By Chad Koenen


Several current and former members of the Henning Ambulance Service offered support for director Jane Cook during last week’s Henning City Council meeting. 

Cook was the center of two agenda items that stated there would be a closed session for preliminary consideration of allegations or charges against and individual subject to the council authority, as well as a possible open session for a decision related to consideration of allegations or charges against an individual subject to council authority.

Cook, who has served as the director of the Henning Ambulance Service for a number of years, opted to keep the meetings open to the public, according to state statues. 

A list of allegations were brought forth by councilman Jim Haberer, who said some of the concerns that were made to him included training, scheduling of personnel, accountability of people’s response times and crew complaints of people not getting along. Another concern revolved around looking into making the department a part-time ALS service.

“We are still squabbling with part-time ALS. You have people that don’t want to do this and some that do,” said Haberer. “You did a roll-call vote, and you had a 50/50 division between your crew is what I think you had told me. I would have thought that would have set off a red flag that there is something not quite right.”

Henning Mayor Darren Wiese stopped Haberer and said the Henning community is divided right now. Instead of asking what Cook is doing wrong, he said maybe the council should be asking what she is doing right for the other 50 percent. 

“I just have to interrupt you on that. We have a 50/50 split on our town. When are we going to start asking the question of what are we doing right, just as well as what is she doing wrong,” said Wiese.

Haberer said he discussed the allegations with Cook prior to the meeting, “as a friend and not as a council member that there were concerns about what was happening.” 

Cook contended the meeting with Haberer went differently than that. 

“Jim you came to me and you said you were coming to me as a friend, that part is true, you said you were putting your council hat aside. You asked me to resign as being director of the ambulance to avoid being terminated,” she said. “You also threatened me by saying I would lose my pension and there could be attorneys involved.”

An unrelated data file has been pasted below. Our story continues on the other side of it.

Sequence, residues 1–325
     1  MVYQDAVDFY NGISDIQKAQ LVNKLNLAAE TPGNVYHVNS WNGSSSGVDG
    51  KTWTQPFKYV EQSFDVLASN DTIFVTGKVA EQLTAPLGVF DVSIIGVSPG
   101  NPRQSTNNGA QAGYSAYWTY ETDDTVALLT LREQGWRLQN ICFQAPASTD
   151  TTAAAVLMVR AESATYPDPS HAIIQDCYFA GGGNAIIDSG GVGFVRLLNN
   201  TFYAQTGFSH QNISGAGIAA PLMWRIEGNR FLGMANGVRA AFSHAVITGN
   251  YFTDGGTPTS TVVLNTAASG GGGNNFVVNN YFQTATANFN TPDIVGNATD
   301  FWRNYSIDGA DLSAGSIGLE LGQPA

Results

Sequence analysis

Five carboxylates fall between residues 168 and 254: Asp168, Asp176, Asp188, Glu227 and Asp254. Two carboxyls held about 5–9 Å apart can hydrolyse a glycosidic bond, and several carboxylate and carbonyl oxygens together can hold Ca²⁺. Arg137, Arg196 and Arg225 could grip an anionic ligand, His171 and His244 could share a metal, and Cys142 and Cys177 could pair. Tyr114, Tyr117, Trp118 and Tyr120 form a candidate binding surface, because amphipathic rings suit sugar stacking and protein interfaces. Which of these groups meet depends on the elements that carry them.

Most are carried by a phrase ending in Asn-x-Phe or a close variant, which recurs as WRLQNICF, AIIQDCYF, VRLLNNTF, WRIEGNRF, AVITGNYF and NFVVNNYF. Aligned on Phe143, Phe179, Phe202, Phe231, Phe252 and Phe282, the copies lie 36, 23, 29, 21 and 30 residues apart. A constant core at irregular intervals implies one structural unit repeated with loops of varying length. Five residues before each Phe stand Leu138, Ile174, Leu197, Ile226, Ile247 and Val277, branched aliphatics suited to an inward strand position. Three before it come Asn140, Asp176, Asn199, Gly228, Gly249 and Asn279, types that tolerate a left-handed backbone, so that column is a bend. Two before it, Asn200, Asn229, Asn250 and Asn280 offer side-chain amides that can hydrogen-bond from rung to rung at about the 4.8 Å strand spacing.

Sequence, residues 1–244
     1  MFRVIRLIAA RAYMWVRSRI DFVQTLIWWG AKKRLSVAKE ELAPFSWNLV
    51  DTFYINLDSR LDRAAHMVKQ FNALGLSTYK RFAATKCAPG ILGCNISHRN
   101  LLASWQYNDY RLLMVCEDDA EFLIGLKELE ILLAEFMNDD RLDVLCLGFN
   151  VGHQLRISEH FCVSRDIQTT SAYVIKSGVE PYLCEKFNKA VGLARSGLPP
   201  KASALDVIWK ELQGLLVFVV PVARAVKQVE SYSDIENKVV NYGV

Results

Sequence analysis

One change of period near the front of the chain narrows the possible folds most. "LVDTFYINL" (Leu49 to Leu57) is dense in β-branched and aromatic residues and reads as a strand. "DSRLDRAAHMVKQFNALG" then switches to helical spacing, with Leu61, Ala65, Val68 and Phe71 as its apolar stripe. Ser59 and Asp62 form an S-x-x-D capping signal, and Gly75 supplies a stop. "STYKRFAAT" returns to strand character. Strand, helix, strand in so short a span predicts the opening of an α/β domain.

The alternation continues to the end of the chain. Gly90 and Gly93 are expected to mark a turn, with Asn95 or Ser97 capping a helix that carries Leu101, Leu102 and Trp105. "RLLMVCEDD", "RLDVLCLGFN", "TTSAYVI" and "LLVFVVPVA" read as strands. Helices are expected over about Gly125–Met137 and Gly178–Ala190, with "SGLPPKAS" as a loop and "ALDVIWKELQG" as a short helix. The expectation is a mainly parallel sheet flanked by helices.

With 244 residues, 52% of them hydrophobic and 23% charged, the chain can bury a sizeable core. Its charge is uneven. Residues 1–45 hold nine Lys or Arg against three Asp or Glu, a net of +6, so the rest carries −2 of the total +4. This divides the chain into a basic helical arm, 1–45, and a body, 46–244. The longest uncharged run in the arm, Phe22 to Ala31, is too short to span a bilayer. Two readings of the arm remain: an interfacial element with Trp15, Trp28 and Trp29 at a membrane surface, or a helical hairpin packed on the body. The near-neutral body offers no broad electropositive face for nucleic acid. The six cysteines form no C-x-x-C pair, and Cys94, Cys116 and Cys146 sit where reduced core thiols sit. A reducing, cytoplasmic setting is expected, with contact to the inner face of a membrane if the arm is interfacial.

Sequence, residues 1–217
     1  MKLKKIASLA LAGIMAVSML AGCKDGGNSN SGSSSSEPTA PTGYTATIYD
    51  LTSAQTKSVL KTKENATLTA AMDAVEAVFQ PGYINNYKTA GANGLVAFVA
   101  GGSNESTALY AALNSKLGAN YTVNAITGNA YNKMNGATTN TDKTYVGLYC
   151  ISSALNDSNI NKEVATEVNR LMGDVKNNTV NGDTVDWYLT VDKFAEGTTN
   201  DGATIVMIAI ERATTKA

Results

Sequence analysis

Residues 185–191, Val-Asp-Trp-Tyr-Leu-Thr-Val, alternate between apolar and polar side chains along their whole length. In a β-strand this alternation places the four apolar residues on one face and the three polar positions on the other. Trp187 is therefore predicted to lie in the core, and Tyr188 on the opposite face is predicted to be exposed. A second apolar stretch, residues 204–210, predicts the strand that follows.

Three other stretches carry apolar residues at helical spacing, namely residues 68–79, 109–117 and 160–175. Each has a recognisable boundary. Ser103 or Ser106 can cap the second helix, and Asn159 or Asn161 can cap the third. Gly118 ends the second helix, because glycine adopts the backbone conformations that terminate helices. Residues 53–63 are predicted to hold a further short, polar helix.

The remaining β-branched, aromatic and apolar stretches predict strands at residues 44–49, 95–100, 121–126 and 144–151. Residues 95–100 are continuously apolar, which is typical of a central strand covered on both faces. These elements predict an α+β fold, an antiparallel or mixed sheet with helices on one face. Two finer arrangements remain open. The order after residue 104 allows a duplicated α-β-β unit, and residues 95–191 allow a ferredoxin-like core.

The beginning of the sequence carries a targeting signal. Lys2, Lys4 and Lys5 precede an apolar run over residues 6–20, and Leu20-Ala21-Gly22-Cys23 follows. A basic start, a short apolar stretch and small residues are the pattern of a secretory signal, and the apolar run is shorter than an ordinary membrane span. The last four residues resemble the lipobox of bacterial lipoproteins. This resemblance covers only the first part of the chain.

Haberer said he did not ask for Cook to resign as ambulance director. Later in the meeting, when asked by the city attorney if he asked Cook to resign as the director, Haberer again said he did not make such a request. 

“No I did not, because I can’t make a decision like that. That is a council decision, so why would I say that in that way,” he said.

Cook read a statement that reaffirmed her accusation that Haberer asked her to resign as Henning Ambulance Service Director. It also detailed her account of a July meeting between the two. Among the concerns she said Haberer raised revolved around a slow response time by a crew member, requests for other trainers to be used and the billing company the service utilizes. Cook said she replied that each of these issues have been addressed, or answered the questions, and was wondering what she did to be asked to turn in her resignation.

“The immediate effect of this meeting (was) it totally ruined the rest of my day. That evening I had to relive it over again when telling my husband. In the days since then there has been a wide range of emotions, emotional stress and sleepless nights. One thought that I have had is (was) he acting alone, or are other members of the council part of this,” she asked. “Another thought I had was is this proper protocol? Would this be followed to the police department or the fire department or the utility department? Would they get threatened with a loss of a pension? I don’t believe that you can take my pension away, so that just makes it a blank threat. Why should anybody be subject to that, not just me, but anybody in this room, no matter what your job is.”

Throughout a better-than one hour discussion, the council also heard from several current and former ambulance service members who spoke in support of the job Cook has done as director. 

Former Henning Utilities Manager Scott Grabe said he served on the department for a number of years, and there were times when people didn’t get along. He also questioned the validity of the unnamed accusations. 

“The people that have brought things forward, has anybody documented and then put their stamp on it, because otherwise it seems like it is baseless. It’s easy to make a phone call to somebody and say Jim this is my concern about your service, but if they don’t say I am sending an email, or I am sending you a letter with my signature on it; to me it is baseless. Nobody knows what motives they might have for doing something like that,” he said.

Chelsea Waskosky, who has taken over much of the training for the ambulance department, said she has enjoyed her time on the ambulance service. Since joining the ambulance service she became a paramedic and had some training ideas when she talked to previous ambulance director Bob Reinbold about updating some of the training material.